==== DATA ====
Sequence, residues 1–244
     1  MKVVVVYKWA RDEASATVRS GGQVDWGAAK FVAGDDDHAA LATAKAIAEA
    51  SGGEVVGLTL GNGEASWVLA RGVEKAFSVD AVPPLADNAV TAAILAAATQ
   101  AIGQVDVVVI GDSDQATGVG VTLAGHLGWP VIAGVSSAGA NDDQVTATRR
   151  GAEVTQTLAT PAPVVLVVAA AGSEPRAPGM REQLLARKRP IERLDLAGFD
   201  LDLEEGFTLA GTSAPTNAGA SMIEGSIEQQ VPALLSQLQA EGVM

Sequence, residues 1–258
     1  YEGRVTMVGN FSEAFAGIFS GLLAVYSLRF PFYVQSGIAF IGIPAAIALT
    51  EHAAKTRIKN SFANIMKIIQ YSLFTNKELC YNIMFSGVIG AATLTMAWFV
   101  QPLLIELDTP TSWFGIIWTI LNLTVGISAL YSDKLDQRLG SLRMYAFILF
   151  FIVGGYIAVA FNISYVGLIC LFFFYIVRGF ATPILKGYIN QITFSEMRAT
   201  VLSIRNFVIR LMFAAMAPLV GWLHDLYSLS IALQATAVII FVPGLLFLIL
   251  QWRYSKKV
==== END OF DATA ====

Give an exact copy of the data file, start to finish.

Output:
Sequence, residues 1–244
     1  MKVVVVYKWA RDEASATVRS GGQVDWGAAK FVAGDDDHAA LATAKAIAEA
    51  SGGEVVGLTL GNGEASWVLA RGVEKAFSVD AVPPLADNAV TAAILAAATQ
   101  AIGQVDVVVI GDSDQATGVG VTLAGHLGWP VIAGVSSAGA NDDQVTATRR
   151  GAEVTQTLAT PAPVVLVVAA AGSEPRAPGM REQLLARKRP IERLDLAGFD
   201  LDLEEGFTLA GTSAPTNAGA SMIEGSIEQQ VPALLSQLQA EGVM

Sequence, residues 1–258
     1  YEGRVTMVGN FSEAFAGIFS GLLAVYSLRF PFYVQSGIAF IGIPAAIALT
    51  EHAAKTRIKN SFANIMKIIQ YSLFTNKELC YNIMFSGVIG AATLTMAWFV
   101  QPLLIELDTP TSWFGIIWTI LNLTVGISAL YSDKLDQRLG SLRMYAFILF
   151  FIVGGYIAVA FNISYVGLIC LFFFYIVRGF ATPILKGYIN QITFSEMRAT
   201  VLSIRNFVIR LMFAAMAPLV GWLHDLYSLS IALQATAVII FVPGLLFLIL
   251  QWRYSKKV